Does Medicare Advantage or Medicare Supplement Save Me More Money?

Pamela Cannaday by Pamela Cannaday | Licensed since 2011
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This article was updated on: 10/06/2018

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If you’re approaching Medicare eligibility, now’s the time to look into your options to find the right coverage for you. There are basically two Medicare paths: Original Medicare (Part A and Part B) which can go alongside a Medicare Supplement Insurance Plan and Medicare Part D Prescription Drug Plan, or a Medicare Advantage plan, most of which include Part D coverage for prescription drugs. The best one for you depends on your unique health and financial situation.

How do Medicare Supplement Insurance Plans work?

Under Original Medicare, you may have to pay your Part A and Part B deductibles, as well as coinsurance amounts for most services covered under Part B. You may also have coinsurance under Part A if you are hospitalized for more than 60 days in any particular benefit period. There is no cap on out-of-pocket expenses under Original Medicare, so if you have a serious medical issue, you may face considerable cost-sharing expenses.

Medicare Supplement Insurance Plans, also known as Medigap plans, cover some or all of your out-of-pocket expenses under Original Medicare. Depending on the plan you choose, you can get “first dollar” coverage, which means you generally don’t pay anything out of pocket for your covered expenses.

You do pay an additional monthly premium for your Medicare Supplement Insurance Plan, and it’s important to note that these plans do not cover out-of-pocket costs for prescription drugs, even those covered under Medicare Part D Prescription Drug Plans. If you think you want a Medicare Supplement Insurance Plan, it’s very important to enroll as soon as you are eligible; if you wait, you may be denied coverage depending on your health status.

How does Medicare Advantage work?

Medicare Advantage plans are provided by private insurance companies contracted with Medicare. They must provide, at a minimum, all the benefits you’d receive under Original Medicare, except for hospice care, which is still covered under Part A. However, most plans include additional benefits, such as coverage for routine vision and dental care, not covered under Original Medicare. In addition, most plans also include Part D coverage for prescription drugs.

There is a lot of variety in Medicare Advantage plans. Some may require you to use network providers and get referrals for specialist care; others cover all providers, but cost less out-of-pocket if you use the plan’s preferred providers. Most plans use a copayment cost-sharing structure, which means you’ll pay a set amount, $10 for example, each time you see the doctor. You may or may not have an annual deductible in addition to your copayments. Medicare Advantage plans do have an annual limit on out-of-pocket expenses—your plan pays 100% once you reach that limit. The limit varies from plan to plan, but it can’t exceed the cap set by Medicare each year.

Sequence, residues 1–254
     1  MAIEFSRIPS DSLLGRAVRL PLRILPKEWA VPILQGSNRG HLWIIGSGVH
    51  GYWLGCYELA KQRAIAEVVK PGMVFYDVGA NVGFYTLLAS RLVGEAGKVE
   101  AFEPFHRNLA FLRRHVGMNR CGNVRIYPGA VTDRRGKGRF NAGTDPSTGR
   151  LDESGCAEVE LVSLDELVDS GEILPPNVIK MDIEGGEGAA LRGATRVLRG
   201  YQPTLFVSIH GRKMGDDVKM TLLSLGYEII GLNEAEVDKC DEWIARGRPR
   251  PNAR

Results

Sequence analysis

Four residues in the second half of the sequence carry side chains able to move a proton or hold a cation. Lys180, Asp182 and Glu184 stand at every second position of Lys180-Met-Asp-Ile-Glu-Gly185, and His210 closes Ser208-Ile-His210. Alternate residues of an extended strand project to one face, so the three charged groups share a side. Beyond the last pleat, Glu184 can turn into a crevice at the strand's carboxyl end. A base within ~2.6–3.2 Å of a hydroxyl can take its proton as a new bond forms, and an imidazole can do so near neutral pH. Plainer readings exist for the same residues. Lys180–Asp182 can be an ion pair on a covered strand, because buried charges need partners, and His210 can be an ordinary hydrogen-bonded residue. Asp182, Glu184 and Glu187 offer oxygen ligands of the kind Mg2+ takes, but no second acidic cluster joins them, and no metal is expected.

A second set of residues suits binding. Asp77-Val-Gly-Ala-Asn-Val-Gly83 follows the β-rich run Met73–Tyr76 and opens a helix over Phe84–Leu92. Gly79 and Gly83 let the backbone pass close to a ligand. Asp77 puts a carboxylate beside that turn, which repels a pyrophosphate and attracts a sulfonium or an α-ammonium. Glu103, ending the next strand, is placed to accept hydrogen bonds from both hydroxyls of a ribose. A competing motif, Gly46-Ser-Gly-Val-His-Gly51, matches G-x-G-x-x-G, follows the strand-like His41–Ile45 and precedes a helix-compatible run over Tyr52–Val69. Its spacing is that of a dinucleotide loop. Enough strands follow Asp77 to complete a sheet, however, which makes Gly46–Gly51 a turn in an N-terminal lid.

You must continue to pay your Medicare Part B premium plus any additional premium required by your plan if you enroll in Medicare Advantage. You may be able to enroll in a plan premium as low as $0 in your area, which means you pay only your normal Part B premium for your Medicare Advantage plan.

Which Medicare coverage is right for me?

Let’s look at a couple situations as an example to help you determine what’s best for you.

  • If you take a lot of prescription medications on a regular basis, you may save more money with a Medicare Advantage plan, since Medicare Supplement Insurance Plans don’t cover prescription drugs.
  • If you have a serious chronic health condition that requires frequent hospitalization and outpatient therapy, you may save more with a Medicare Supplement Insurance Plan, especially if you have a high deductible Medicare Advantage plan, or one with a high maximum out-of-pocket limit.
  • If you are relatively healthy and want benefits for routine vision and dental care, you may pay less out-of-pocket with a Medicare Advantage plan, since Original Medicare doesn’t cover these services.
  • If you travel a lot, or spend part of the year in a different location from your permanent home, you may save money with a Medicare Supplement Insurance Plan, since some Medicare Advantage plans may require you to get your care from a local provider network.

Need more information about Medicare Supplement Insurance Plans and Medicare Advantage?

I am happy to help you find the information you need; you can schedule a phone call or request an email by clicking on the buttons below. You can also find out about Medicare plan options in your area by clicking the Compare Plans button.

Benefits, premiums and/or copayments/co-insurance may change on January 1 of each year.

The provider network may change at any time. You will receive notice when necessary.

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